tations. Some time after the “Economics and Knowledge” paper, in fact,
Hayek was emphasizing the idea of social order rather than equilibrium:
The concept of “order,” which . . . I prefer to that of equilibrium, has the
advantage that we can speak about order being approached to varying
degrees, and that order can be preserved throughout the process of change.
(1968, p. 184)
Eventually, of course, Hayek elaborates a social ontology of rules and
other aspects of social structure and develops his conception of sponta-
neous order:
What reconciles the individuals and knits them into a common and en-
during pattern of society is that . . . they respond in accordance with the
same abstract rules. . . . What . . . enables . . . men to live and work to-
gether in peace is that the pursuit of their individual ends and the particu-
lar monetary impulses which impel their efforts . . . are guided and
restrained by the same abstract rules. If emulsion or impulse tells them
what they want, the conventional rules tell them how they will be able
and allowed to achieve it. (1976, p. 12)
A catallaxy is thus a special kind of spontaneous order produced by the
market through people acting within the rules of the law of property, tort
and contract. (1982, p. 109)
This is no longer a conception of a state of order in which expecta-
tions are always met; rather, it is one in which disappointments are
unavoidable.
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In a spontaneous order, undeserved disappointments cannot be
avoided. . . . It is only because countless others constantly submit to dis-
appointments of their reasonable expectations that everyone has as high
an income as he has. (ibid., p. 128)
With this being so, Hayek’s conception is now far more in line with
the world we daily experience. It is quite different from Hayek’s origi-
nal notion, but it reveals the sort of direction that is ultimately to be
expected where there is a consistent emphasis on the ontic.
Implications and conclusion
Modern economics is not in a healthy state. And the reason for it is that
it, or rather the dominant mainstream tradition, defines itself in terms of
its method, that of formalistic-deductive modeling, and does so in a con-
text in which this method has little application. I have indicated before
how this emphasis has resulted in limited explanatory successes, theory
practice inconsistencies, and other pathologies. Here I have focused on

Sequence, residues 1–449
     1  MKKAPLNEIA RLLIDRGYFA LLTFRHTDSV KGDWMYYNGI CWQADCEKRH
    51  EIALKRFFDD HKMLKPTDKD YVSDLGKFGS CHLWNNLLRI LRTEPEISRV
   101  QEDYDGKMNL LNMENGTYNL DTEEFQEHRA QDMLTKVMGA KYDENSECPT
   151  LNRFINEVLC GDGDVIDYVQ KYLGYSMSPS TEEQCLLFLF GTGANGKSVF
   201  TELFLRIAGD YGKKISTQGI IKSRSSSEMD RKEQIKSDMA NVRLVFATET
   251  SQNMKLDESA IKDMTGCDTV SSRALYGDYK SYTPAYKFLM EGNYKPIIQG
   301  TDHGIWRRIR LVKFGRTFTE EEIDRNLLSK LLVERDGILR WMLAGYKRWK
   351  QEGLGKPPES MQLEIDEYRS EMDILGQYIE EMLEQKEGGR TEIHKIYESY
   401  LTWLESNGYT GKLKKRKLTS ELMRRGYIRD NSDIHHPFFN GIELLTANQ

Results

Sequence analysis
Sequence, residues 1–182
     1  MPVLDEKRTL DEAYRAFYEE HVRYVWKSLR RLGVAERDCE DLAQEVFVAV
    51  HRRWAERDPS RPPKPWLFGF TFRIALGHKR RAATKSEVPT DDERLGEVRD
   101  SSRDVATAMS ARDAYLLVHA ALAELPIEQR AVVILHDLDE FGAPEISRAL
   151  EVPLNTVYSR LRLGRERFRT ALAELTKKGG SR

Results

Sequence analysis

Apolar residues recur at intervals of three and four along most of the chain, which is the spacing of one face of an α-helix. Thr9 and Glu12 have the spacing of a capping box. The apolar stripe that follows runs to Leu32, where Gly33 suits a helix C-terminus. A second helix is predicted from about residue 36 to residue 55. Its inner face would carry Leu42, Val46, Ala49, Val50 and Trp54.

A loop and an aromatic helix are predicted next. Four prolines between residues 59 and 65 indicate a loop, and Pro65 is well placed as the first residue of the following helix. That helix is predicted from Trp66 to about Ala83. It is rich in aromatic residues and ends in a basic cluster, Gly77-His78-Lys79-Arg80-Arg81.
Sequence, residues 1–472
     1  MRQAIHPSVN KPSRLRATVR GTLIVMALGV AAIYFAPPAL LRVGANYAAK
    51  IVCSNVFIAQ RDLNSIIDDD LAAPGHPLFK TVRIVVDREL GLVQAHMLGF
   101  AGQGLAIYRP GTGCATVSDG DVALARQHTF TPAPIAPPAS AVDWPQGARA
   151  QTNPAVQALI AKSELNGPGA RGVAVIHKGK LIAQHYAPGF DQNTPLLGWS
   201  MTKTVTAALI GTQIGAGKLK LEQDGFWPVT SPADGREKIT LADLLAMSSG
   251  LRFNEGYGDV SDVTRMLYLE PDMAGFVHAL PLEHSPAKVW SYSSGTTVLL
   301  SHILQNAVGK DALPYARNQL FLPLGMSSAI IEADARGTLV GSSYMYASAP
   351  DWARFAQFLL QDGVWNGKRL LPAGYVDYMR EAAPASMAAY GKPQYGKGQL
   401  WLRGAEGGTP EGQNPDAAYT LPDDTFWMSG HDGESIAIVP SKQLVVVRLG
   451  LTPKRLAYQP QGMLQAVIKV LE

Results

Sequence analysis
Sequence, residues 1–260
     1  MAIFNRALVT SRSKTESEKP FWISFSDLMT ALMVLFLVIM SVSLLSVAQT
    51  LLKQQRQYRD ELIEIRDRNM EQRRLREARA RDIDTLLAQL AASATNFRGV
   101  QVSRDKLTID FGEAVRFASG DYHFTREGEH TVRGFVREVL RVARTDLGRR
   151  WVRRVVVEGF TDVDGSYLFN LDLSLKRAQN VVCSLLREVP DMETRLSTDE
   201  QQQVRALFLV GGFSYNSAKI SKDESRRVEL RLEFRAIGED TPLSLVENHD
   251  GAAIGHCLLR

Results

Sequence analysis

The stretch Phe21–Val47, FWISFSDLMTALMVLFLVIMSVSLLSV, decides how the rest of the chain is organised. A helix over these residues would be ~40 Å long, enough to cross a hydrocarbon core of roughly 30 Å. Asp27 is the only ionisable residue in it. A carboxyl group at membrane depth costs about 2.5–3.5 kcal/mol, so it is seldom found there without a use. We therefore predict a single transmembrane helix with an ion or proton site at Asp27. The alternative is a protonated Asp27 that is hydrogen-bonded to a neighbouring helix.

a further problematic feature created by the mainstream prioritizing of
modeling over illumination: the confusing of claims about models and
their properties with properties of the reality that the models putatively
aim to represent.
In truth, modern economics supports two broad sets of traditions: the
mainstream project and the heterodox alternatives. The mainstream pri-
oritizes modeling, whereas the heterodoxy prioritizes social illumina-
tion. And because the implicit (though rarely examined) ontological
commitments of the heterodoxy (of openness, structure, internal-
relationality, and process) are quite different from those (of atomism
and closure) presupposed by the mainstream modeling emphasis, the
two projects rarely find common ground.
However, the true ontological nature of the differences is rarely ex-
plored. One of the many debilitating results of this is that when common
categories are employed, the real nature of the differences in arguments
mostly goes unrecognized, resulting in participants in debates talking
past each other. I have illustrated this theme in the context of equilib-
rium analysis.
If all parties agree that Adam Smith set (and contributed to answering)
one of the fundamental question of economics—namely, how social or-
der emerges in the absence of central or any intentional design, and,
indeed, with individuals pursuing largely independent goals—it is clear
that the inheritors of Smith’s project are not economic equilibrium theo-
rists concerned with formalistic modeling. Rather, it is those working in
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THE STATE OF EQUILIBRIUM ANALYSIS IN MODERN ECONOMICS 443
the traditions of Marx, Keynes, Hayek, and others who make the ex-
plaining of the actually existing social order the priority.
The project of formalistic modeling can be misinterpreted as one con-
cerned with explaining the actual social order only if the atomistic pre-
suppositions of the former go unrecognized, or their irrelevance remains
unappreciated. Once we turn to social ontology, to theorizing the nature
of social reality, the impotence of the equilibrium notion becomes ap-
parent. The real question, Smith’s question in modern terms, is how
social reproduction of complex, internally related, dynamic, social struc-
tures occurs in an open world of individuals seeking their own ends. As
I say, this eventually was the concern of Hayek and Keynes as well as
Marx. How successful they were in the details of their analyses, of course,
is a different question.